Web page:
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Blocks bolster Cavaliers' defense
Seven Cavaliers have at least 10 blocks this season.
Virginia guard Justin Anderson blocks a shot along with Virginia forward Akil Mitchell near the end of the second half of an NCAA college basketball game in Charlottesville, Va., Sunday, March 10, 2013. Virginia beat Maryland in overtime 61-58. (AP Photo/Norm Shafer)
Monday, March 11, 2013
Known for its defense since Tony Bennett's 2009 arrival as head coach, the Virginia men's basketball team has added a new wrinkle in Year 4.
The Cavaliers would have been hard-pressed to finish off a 61-58 overtime victory over Maryland without a season-high nine blocked shots, five by 6-foot-6 freshman, 226-pound Justin Anderson.
Four of the blocks came in the final 5 minutes, 32 seconds of regulation, including Anderson's block of a Pe'Shon Howard layup attempt with two seconds left.
It was the 134th block of the season for the Cavaliers, who did not have more than 81 in any of Bennett's first three seasons.
What's more, Virginia's leading shot-blocker from the 2011-12 season, Darion Atkins, has missed eight games while trying to guard against a stress reaction turning into a stress fracture.
Atkins had played a total of 38 minutes since Jan. 12, but found the opportunity during a seven-minute stint Sunday to block two shots.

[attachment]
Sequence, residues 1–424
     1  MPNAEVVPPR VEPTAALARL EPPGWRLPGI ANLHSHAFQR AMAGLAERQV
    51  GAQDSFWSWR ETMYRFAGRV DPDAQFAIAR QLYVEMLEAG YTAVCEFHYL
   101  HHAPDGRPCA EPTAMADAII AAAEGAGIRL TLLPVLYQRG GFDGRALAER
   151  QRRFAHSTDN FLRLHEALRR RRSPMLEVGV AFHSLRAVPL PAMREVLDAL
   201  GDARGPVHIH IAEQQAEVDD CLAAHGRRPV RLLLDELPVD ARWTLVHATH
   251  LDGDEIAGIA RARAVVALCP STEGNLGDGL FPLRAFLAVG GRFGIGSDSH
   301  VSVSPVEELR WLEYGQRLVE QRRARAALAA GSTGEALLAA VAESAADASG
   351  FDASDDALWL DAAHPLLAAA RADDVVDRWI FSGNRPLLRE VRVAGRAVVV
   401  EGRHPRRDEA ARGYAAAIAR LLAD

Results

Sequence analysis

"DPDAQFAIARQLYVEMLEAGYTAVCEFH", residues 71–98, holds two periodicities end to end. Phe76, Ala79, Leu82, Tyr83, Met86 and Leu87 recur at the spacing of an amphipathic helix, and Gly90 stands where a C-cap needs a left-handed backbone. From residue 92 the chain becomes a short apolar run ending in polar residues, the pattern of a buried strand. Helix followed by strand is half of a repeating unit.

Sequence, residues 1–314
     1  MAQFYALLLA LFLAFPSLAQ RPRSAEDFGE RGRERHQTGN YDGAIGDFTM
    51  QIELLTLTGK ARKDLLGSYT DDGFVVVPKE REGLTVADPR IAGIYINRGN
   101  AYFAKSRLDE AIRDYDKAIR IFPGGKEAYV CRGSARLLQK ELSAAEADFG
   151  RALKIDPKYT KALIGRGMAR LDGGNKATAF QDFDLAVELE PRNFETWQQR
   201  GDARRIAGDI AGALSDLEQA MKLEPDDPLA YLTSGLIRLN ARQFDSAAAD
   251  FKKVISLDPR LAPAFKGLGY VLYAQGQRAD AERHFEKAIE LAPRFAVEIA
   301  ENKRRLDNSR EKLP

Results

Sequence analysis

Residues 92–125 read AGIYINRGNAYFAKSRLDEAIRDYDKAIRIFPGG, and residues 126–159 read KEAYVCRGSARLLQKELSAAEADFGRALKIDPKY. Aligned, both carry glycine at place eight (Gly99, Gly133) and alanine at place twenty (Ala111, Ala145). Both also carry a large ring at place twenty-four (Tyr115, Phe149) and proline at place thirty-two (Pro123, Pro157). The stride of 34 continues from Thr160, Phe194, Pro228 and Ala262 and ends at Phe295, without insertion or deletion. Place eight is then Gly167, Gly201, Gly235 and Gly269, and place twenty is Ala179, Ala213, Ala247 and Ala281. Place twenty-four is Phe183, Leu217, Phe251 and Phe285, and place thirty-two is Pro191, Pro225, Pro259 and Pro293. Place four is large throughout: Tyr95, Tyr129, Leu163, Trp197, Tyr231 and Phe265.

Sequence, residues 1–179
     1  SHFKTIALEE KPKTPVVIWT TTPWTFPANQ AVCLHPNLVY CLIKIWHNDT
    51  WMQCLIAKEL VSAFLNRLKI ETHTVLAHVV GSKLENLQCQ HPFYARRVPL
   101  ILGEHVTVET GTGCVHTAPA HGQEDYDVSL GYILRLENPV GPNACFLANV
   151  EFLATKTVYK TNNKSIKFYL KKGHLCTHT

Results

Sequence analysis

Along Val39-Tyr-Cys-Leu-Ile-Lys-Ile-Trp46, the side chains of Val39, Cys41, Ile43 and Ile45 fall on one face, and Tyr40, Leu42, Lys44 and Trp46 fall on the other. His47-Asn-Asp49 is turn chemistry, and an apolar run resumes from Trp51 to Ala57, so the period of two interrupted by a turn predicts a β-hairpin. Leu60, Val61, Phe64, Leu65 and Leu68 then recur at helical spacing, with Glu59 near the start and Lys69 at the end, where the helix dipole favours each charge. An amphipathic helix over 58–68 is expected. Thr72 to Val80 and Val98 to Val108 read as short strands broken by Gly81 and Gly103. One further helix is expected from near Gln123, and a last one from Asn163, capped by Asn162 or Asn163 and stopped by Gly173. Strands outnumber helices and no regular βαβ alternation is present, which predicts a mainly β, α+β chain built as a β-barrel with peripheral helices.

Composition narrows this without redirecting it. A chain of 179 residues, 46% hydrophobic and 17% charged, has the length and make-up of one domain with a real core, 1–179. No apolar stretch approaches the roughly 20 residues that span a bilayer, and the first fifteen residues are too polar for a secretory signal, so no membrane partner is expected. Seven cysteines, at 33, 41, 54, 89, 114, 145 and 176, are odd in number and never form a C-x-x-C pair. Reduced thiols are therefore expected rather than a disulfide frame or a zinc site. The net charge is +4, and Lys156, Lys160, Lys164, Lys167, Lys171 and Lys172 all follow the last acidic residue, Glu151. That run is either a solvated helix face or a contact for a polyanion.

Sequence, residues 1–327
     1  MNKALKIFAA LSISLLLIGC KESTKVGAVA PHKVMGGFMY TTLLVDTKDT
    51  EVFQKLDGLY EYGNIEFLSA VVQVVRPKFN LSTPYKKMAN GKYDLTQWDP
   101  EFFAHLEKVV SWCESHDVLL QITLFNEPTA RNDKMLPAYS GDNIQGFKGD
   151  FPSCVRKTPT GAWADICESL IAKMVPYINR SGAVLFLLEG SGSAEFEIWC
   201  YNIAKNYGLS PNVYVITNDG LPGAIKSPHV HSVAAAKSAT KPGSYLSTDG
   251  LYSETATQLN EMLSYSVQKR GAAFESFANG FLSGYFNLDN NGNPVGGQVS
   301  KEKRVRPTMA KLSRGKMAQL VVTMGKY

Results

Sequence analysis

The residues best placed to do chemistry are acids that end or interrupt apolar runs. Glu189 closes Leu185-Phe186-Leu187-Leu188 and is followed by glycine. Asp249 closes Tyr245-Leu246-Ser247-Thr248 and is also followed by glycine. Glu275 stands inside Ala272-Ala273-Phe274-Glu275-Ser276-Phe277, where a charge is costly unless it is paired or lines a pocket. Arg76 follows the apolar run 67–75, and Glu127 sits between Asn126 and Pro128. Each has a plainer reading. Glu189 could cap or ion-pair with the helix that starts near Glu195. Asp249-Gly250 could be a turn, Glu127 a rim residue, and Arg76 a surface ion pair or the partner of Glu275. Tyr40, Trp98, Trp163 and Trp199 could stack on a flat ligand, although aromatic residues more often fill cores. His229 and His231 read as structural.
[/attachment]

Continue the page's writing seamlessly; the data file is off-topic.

Atkins' two blocks left him with 27 blocks for the season - eight more than he had all of last season - but he already had yielded the team lead to Anderson, who now has 32 blocks.
Anderson played at Montrose Christian in Rockville, Md., also the alma mater of fourth-year UVa walk-on Doug Browman. Montrose Christian coach Stu Vedder was at the game Sunday.
"We were talking after the game and coach Vedder said, 'Some guys are like a pogo stick,' " Bennett said, "But when Justin goes up, he's a powerful jumper. He goes up with force. He goes up pretty broad and wide.
"When he goes up for a rebound, he can get knocked a little bit or tipped and it doesn't bother him because he's got some mass. Timing and power have helped him become a really good shot-blocker."
The Cavaliers have seven players with at least 10 blocks, including first-team All-ACC selection Joe Harris with 15.
Anderson blocked a layup attempt by 7-foot-1, 255-pound Maryland center Alex Len on the first possession of the game Sunday, then Anderson and 6-11 Mike Tobey blocked Len shot attempts in the second half.
"We're getting beat so much that that's our last line of defense," Bennett said with a chuckle. "We've got to do a better job [of keeping opposing players out of the lane] but the ability to have that [shot-blocking threat] really helps your defense."
The Cavaliers rallied from a 17-point first-half deficit, largely as the result of a defensive effort that limited Maryland to 25-percent shooting (8-of-25) in the second half and overtime.
Virginia's 134 blocked shots are the most in a season since 1994-95, when the Cavaliers reached the final eight of the NCAA Tournament.
Kris Hunter had 88 blocked shots that season and nobody has had more than 40 since then.
Odds 'n' ends
The Cavaliers raised their record at John Paul Jones Arena to 18-1, with the last 17 victories in succession. UVa was 9-0 at home in ACC play for the first time, a reflection of this year's move from 16 to 18 regular-season conference games. The Cavaliers were 8-0 in home ACC play in 1981, 1982 and 2007.
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